Hourly energy model example 4: Complementarity of different renewable generating technologies

We hear a lot that a renewable energy system benefits from having a mix of generating technologies. Combining wind and solar for example is said to provide a higher supply/demand matching than relying on one technology alone. When the wind isn’t blowing it may be sunny or vice versa.
How do we work out the best mix of different renewable generating technologies. When is it cheaper to add more wind than to add more solar, what is the balance point for a particular demand profile?

This example explore's the balance point for onshore wind + solar, both having large resource availabilities associated with them. The mix will be balanced based on energy cost. It would also be good to explore the balance based on embodied energy. As with all modelling based on costs the outcome will change as costs change, the important thing here is to understand the method so that we can explore for a given set of costs what the optimum mix might be.
In the recent contracts for a difference auction in the UK for renewable generation many of the onshore wind farms received a strike price of £82.50 per MWh. Two offshore wind projects received £115 per MWh and three solar farms received £79.23 per MWh.
Source: Contracts for Difference Auction Results

In this example we will use these cost figures, the ZCB capacity dataset for onshore wind and solar and a simple flat demand profile.

If we look at the results from example 2 investigating annual matching for wind and solar and add in the cost information:
  • 1.164kW of onshore wind delivers 3300 kWh/y at £272/y and a supply/demand matching of 65.88%.
  • 3.99kW of solar delivers 3300 kWh/y at £261/y and a supply/demand matching of 40.61%.
One way to investigate the best mix is to fix the total annual energy cost and change the installed capacities of both solar and wind to achieve the greatest level of matching for a given energy cost.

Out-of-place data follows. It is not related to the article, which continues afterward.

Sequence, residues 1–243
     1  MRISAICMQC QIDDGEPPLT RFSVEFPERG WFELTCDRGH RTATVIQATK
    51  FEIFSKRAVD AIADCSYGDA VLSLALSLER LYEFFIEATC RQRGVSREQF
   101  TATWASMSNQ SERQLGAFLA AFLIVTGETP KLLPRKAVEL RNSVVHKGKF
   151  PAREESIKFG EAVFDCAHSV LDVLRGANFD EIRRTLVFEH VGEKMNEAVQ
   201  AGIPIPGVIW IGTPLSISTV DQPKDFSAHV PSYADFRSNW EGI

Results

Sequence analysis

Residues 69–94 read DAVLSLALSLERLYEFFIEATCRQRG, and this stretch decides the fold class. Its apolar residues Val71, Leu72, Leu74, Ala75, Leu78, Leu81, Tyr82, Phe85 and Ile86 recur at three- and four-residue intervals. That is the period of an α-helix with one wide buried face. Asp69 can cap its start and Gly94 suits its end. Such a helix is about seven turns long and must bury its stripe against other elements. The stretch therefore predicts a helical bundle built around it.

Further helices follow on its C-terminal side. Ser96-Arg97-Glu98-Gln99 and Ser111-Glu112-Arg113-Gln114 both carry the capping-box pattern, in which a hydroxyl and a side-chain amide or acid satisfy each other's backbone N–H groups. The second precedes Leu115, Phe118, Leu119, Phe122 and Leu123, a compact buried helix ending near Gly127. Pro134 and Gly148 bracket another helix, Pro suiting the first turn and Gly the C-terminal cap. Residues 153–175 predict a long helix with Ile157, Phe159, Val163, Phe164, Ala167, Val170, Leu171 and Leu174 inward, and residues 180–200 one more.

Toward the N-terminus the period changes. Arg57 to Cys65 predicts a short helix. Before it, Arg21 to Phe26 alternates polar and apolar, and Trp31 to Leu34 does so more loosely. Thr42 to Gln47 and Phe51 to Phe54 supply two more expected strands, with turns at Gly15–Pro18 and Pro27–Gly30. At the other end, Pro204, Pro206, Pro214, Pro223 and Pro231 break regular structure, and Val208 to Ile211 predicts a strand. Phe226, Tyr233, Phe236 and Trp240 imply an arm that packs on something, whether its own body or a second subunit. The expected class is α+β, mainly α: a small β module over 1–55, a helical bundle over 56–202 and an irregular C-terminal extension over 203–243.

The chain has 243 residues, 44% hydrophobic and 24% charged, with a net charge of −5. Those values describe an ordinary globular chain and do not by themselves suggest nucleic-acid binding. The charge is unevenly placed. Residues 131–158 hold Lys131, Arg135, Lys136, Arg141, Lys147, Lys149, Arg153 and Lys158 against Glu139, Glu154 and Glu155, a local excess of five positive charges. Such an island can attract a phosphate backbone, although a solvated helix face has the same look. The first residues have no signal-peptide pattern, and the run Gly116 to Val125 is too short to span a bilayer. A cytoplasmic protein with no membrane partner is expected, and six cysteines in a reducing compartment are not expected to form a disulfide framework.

So lets take an annual energy cost of £272 and work out for this cost what is the maximum level of matching we can obtain from a wind + solar mix.

Online tool: > navigate to 4. Mixed supply and flat demand

CostWind capacitySolar capacityMatching
£272.021.1635065.86 %
£272.031.02350.570.04 %
£272.030.93950.871.22 %
£272.040.88351.071.34 %
£272.040.86951.0571.31 %
£272.040.85551.171.26 %

At an energy cost of £272/year a flat demand and the ZCB dataset we can see a clear benefit from combining solar and wind in the energy mix, increasing solar pv capacity appears to make sense up to 105.8% of installed wind capacity after which the matching starts to drop again for the given energy cost.

Its important to note however that wind still provides the majority of the electricity at 2543 kWh of the 3300 kWh generated annually (76%). This is because of wind's higher capacity factor in comparison with solar.

How does the mix change if we decide to oversupply and pay a higher cost for the electricity. If we fix our annual cost to say £320

CostWind capacitySolar capacityMatching
£320.061.369069.88 %
£320.071.2290.573.98 %
£320.081.1440.875.20 %
£320.081.0891.075.44 %
£320.081.0751.0575.45 %
£320.081.0611.175.44 %
£320.081.0471.1575.41 %
£320.081.0331.275.37 %

The maximum matching we obtained in this case happened where solar capacity was 97.7% of wind capacity.

It appears that in these model runs, the optimal mix between solar and wind is to install an equal capacity of both, its interesting that this happens to be the case and that its not say half the wind capacity. The model results confirm the often discussed complementarity between solar and wind supply and that the benefit of their combination increases supply demand matching by around 5% points for no additional cost and is a similar scale of supply/demand matching improvement seen by increasing the oversupply of wind to 120% of demand but without the additional cost.

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